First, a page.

Selling used clothing can become a profitable venture. Although consumers might think of all used clothing stores as "thrift stores," the used clothing market includes several types of resale stores, with clothing ranging from inexpensive to bargains on luxury and high-end fashion. There are even national chains specializing in fashionable used clothing. Learning what resale shops need helps you make the most money selling clothes.
Actual "thrift stores" generally only take clothes by donation. Other resale merchants, such as sellers specializing in contemporary used fashion, vintage retailers and antiques dealers, sometimes pay cash for appropriate clothing. Consignment stores generally don't pay until the clothes sell. Visit consignment stores and other used clothing retailers. Pick up guidelines for selling to the shops, if they're available. Call ahead and speak to a buyer. The buyer can tell you what the shop needs right now, and whether the store will buy clothing outright or only by consignment.
Increase your odds of making a sale and making the most money for your time by presenting clean garments that are suitable for resale. If a garment isn't in good enough condition to give as a gift, it's probably not good enough for resale. Check for missing buttons, test zippers, and examine each item for rips or other damage. Small snags, such as pulls on a sweater, can be pulled through with a crochet hook. Take the best clothes around to shops before investing time in making repairs, so you can assess whether it's worth spending time fixing minor flaws.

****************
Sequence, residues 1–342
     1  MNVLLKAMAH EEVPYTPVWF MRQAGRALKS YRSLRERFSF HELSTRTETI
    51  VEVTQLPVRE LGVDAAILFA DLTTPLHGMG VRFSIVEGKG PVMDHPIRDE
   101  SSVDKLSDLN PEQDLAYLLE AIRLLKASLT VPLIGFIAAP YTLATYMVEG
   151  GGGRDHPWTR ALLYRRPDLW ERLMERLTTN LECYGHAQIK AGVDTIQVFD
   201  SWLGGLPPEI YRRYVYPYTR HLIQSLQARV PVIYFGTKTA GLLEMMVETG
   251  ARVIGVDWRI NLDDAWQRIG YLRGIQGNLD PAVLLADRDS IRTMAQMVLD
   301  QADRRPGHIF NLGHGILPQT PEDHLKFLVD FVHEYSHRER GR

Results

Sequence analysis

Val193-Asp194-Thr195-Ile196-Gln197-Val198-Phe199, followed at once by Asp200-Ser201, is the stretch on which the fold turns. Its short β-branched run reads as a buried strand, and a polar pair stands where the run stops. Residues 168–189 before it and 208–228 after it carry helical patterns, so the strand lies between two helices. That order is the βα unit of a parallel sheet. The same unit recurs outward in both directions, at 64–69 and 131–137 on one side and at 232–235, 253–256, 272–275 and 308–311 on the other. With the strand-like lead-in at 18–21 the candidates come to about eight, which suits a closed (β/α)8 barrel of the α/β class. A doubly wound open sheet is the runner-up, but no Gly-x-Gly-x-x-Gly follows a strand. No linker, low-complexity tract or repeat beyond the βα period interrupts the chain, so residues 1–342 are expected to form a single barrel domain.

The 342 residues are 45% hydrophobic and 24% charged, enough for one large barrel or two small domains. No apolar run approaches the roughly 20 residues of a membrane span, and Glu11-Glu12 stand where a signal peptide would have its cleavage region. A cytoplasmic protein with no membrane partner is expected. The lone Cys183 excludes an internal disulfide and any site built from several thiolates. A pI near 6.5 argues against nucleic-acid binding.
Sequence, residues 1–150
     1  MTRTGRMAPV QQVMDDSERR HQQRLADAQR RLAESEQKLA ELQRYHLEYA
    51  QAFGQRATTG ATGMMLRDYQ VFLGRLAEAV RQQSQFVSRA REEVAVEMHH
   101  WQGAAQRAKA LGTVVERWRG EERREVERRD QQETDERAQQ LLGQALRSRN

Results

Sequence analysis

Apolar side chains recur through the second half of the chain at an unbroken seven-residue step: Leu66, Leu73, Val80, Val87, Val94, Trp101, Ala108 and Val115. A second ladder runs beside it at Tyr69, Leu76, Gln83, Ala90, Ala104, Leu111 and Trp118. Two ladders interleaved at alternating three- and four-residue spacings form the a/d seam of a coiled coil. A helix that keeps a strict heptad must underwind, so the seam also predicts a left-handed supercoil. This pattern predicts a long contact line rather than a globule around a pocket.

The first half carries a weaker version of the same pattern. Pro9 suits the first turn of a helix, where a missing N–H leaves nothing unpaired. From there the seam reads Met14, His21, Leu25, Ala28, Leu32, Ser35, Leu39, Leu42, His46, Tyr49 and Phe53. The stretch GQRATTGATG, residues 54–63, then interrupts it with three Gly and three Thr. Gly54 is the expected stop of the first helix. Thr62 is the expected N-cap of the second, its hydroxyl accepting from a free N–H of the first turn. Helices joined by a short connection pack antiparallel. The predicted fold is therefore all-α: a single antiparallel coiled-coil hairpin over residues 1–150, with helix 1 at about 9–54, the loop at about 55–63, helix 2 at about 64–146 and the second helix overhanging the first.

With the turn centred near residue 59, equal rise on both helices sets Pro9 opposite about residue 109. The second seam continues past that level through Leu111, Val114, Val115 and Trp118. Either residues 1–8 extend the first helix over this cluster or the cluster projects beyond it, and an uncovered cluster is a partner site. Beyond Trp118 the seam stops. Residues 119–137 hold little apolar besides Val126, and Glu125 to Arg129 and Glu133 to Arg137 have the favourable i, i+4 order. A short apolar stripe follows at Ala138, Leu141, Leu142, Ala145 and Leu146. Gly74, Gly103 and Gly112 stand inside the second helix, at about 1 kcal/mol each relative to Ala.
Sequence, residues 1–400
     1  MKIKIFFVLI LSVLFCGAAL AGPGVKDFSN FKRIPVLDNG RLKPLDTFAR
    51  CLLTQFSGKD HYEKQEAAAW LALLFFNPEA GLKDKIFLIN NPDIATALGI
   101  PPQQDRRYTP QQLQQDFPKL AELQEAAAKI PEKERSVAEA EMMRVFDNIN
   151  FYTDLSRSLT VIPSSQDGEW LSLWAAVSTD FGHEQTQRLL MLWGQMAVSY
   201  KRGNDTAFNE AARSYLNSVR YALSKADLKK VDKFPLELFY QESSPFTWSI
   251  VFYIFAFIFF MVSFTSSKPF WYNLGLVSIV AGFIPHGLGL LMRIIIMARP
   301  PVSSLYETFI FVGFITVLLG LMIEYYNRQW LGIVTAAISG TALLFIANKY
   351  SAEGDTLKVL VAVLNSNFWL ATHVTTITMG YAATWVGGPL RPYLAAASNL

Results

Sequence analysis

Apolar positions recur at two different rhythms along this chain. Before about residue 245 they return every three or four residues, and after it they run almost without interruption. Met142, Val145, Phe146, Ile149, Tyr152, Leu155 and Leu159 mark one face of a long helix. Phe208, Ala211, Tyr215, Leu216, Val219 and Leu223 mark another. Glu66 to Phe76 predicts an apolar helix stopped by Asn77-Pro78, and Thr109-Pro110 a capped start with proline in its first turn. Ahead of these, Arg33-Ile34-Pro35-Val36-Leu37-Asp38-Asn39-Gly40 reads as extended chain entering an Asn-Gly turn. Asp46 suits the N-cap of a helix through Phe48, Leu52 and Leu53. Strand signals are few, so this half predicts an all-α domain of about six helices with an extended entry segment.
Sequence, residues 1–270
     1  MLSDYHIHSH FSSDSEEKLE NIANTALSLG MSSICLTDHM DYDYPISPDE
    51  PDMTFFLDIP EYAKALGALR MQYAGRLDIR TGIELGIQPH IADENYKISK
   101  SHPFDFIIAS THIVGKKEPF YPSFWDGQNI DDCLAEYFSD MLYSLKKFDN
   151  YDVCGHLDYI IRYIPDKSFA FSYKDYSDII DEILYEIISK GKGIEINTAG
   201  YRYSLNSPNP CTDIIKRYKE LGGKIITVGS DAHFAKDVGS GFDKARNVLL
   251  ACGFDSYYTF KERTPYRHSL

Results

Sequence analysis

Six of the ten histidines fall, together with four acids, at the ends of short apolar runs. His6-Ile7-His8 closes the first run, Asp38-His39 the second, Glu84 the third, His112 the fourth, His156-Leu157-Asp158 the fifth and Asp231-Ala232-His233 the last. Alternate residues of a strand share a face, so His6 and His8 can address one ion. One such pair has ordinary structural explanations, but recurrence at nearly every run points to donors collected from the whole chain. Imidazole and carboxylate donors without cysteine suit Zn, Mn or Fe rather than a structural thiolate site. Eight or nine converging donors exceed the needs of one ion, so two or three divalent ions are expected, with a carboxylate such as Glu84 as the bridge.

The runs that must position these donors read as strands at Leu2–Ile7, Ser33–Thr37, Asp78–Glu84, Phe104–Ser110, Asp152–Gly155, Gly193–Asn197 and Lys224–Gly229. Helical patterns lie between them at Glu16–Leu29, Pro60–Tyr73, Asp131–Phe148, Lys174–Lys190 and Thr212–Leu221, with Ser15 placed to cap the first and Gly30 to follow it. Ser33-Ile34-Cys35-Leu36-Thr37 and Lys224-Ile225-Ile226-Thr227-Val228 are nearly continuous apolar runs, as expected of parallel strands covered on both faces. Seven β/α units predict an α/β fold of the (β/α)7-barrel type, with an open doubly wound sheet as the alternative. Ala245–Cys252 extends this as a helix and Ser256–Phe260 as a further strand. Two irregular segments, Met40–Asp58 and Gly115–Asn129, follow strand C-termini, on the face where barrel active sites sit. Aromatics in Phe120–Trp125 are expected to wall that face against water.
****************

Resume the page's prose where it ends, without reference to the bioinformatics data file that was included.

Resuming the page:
Instead of taking all the clothes to one shop, target the clothes to specific shops to make the most money. For example, take all the designer clothing to the most upscale consignment shop, the casual clothing to a shop that features moderate separates, and vintage garments to a vintage shop. Only bring in clothing for the season the store is buying for. This saves time for you and the buyer, and improves your chances of selling more. Present the clothes on hangers or neatly folded, based on each shop's preference.
Designer labels often bring the highest prices. If a store can sell a $300 jacket for $100 and pays 50 percent on consignment, you make $25 when it sells. You'll typically make 40 to 60 percent of what the shop charges, according to NARTS, the association of resale professionals. In contemporary clothing, you'll tend to make more on fashionable garments that fit with current trends or classic garments with timeless appeal. Specialty clothing, such as fashions from the 70s, 60s, 50s and earlier, keeps coming back. These sell to vintage clothing stores and sometimes to antique stores that carry clothing.